As Young Goodman Brown ventures deeper and deeper into the forest of evil, he begins to realize what a mistake he has made. He makes feeble attempt after feeble attempt to turn around and go back to his lovely Faith. His dark companion leads him further yet into the forest, and he comes across Goody Cloyce, a saintly old woman, or so he thought her to be. It was upon seeing her journey into sin that Goodman Brown puts his foot down and refuses to go deeper into the forest. Before he can prepare to make his return, however, he hears more voices ? voices of the minister, of the Deacon, and of countless churchgoers. He is in complete disbelief that these people, who share praises in God every Sunday, could be partaking in the evil set to occur that night in the forest. Just at the moment where he wants nothing more than to escape the evil and return to his Faith, something unbelievable happens: ?There was one voice of a young woman?with an uncertain sorrow?[and] saints and sinners seemed to encourage her onward? (202). Goodman Brown recognized his wife?s voice and screams for her, ?in a voice of agony and desperation? (202). Her reply was ?a scream, drowned immediately in a louder murmur of voices? (202), which fades into silence. In utter confusion, with the knowledge that his beloved Faith is among these sinners, Goodman Brown waits in shock. Has his Faith become one of them? He soon receives the answer to that question. ?Something fluttered lightly down through the air, and caught on the branch of a tree. The young man seized it, and beheld a pink ribbon?(202). The pink ribbon, which epitomizes everything good and pure about Faith, has been stripped from her head. Without her shroud of purity, she is vulnerable to the evils that lurk in the forest. Goodman Brown becomes maddened with despair, shouting, ?My Faith is gone!?(202). The pink ribbon motivates Brown to press on through the forest in an attempt to save his wife from evil.

Whether or not Young Goodman Brown is able to save his Faith could be considered a matter of debate. Brown encounters evils beyond compare in the forest. He is witness to all the townsman and townswoman, good and bad, all partaking in utter sin. As fires burn high, and evil runs wild, Young Goodman Brown makes a final plea to his beloved Faith. ? ?Faith! Faith!? cried the husband. ?Look up to Heaven, and resist the Wicked one!? ? (205). It as at this point that Brown finds himself in a much different forest, one without evil chants; one without fire. He does not know what to believe. The images in his head, however, are far too sinister to forget. Even as he sees Faith in the street, ?with the pink ribbons,? He is unable to shake the image of her as a convert to an evil association. Hawthorne uses the image of the pink ribbons in this passage to demonstrate that her purity is still in tact. She still possesses the ribbons, which have been established to symbolize all that is good and pure. One could interpret this in one of two ways. Option one: Faith never lost her pink ribbons of purity, as Young Goodman Brown was merely dreaming the whole forest scenario up. Option two: Faith wore the pink ribbons of purity in an effort to mask the evil doings she has partaken in the previous night. While I chose to believe option one, it is apparent that Young Goodman Brown opted for the latter. In fact, he could never shake the images he saw that night. From that day on, he saw the whole town in a dark, sinister light. His rejection of Faith, as well as faith, led to an unhappy life, and a hopeless, gloomy death.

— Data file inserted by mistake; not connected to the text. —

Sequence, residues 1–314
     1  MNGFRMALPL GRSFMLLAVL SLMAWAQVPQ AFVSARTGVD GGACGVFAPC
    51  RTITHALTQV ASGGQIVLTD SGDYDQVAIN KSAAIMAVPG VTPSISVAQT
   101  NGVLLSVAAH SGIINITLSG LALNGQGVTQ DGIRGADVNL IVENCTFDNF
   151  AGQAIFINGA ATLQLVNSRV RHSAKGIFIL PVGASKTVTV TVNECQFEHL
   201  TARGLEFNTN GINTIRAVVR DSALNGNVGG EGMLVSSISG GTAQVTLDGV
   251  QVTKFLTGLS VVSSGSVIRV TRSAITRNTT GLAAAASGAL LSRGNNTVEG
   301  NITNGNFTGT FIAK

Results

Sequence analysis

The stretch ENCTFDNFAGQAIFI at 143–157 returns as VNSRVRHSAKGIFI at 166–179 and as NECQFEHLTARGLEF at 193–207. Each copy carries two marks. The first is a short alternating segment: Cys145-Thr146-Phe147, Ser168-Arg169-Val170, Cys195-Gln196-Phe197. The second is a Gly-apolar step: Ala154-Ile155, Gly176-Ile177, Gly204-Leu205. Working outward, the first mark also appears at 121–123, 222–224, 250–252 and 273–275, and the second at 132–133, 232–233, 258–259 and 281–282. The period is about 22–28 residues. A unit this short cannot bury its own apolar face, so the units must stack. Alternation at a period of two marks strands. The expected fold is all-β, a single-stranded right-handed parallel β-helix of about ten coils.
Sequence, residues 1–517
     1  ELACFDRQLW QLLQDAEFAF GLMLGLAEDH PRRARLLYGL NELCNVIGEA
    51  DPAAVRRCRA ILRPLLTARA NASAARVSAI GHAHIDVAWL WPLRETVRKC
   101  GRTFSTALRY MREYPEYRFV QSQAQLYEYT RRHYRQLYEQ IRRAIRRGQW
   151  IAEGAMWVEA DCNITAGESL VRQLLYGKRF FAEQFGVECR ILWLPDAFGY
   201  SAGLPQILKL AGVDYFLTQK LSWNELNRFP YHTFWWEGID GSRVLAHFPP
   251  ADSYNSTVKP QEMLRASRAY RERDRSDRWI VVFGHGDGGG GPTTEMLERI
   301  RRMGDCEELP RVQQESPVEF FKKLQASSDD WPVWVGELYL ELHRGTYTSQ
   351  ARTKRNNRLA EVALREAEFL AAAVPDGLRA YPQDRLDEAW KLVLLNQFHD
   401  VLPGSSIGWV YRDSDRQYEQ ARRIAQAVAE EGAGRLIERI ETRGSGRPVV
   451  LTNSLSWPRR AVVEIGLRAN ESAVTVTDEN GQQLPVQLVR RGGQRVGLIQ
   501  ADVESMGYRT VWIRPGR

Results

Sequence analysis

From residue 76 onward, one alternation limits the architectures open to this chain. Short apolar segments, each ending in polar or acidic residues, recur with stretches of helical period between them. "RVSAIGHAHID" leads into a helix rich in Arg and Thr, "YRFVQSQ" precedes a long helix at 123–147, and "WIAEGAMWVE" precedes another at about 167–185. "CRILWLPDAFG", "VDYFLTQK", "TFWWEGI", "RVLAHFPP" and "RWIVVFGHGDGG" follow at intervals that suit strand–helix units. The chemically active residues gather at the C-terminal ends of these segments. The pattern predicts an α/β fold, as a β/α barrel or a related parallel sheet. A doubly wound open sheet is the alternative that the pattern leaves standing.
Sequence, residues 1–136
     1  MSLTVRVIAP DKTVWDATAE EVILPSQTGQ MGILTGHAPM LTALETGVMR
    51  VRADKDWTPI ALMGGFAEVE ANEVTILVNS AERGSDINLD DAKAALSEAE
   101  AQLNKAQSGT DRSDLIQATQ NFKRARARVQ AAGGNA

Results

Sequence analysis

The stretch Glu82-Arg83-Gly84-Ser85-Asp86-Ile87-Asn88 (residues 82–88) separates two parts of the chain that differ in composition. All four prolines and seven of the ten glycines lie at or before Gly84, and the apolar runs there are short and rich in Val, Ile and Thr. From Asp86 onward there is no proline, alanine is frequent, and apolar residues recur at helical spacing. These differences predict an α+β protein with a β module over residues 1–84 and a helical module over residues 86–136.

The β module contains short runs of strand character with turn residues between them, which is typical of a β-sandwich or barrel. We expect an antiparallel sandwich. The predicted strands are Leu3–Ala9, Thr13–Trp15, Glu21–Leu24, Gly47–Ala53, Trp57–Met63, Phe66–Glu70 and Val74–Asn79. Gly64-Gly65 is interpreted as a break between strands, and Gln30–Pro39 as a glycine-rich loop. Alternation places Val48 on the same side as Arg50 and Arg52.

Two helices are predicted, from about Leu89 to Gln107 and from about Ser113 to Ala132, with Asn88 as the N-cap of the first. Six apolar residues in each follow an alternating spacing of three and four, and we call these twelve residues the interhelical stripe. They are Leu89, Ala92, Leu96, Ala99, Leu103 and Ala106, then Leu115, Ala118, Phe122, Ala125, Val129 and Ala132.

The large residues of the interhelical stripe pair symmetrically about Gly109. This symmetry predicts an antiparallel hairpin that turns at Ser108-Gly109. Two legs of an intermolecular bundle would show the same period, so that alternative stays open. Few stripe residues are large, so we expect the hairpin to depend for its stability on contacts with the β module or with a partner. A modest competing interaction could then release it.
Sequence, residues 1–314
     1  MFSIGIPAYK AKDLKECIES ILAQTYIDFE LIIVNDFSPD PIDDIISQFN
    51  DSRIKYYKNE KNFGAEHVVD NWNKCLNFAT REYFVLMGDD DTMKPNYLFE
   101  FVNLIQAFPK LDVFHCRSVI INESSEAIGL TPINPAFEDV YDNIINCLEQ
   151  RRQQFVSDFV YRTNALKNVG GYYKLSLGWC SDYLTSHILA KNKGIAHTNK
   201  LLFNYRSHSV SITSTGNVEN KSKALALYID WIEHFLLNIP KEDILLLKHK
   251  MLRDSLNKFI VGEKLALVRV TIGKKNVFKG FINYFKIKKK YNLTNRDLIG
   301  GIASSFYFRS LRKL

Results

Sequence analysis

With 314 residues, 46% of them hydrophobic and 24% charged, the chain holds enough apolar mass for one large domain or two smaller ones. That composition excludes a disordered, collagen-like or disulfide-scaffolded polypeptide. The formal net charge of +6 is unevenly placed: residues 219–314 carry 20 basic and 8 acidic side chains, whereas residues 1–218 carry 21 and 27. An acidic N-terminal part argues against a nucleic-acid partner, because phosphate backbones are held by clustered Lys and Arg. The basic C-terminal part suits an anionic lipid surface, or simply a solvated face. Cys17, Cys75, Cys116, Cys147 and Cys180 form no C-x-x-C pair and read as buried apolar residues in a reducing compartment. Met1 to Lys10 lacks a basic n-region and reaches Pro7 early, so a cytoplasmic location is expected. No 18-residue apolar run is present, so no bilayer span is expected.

This tragedy shows us just how much even the shadow of evil can shade the light of good. Faith represented all that was good in Brown?s life. Her flowing pink ribbons reminded us continuously of her purity. When Brown caught that pink ribbon in the forest he knew his wife?s soul was at stake, and he did everything in his power to save her. In the end, we still see Faith in all her glory, pink ribbons still flowing gracefully in the breeze. Brown, however is plagued with the vision of Faith, ribbonless, in the pulpits of fire and sin. What we are left with is indeed tragic, because though we recognize that purity still exists in those pink ribbons, Brown does not ? And in this round, evil does conquer.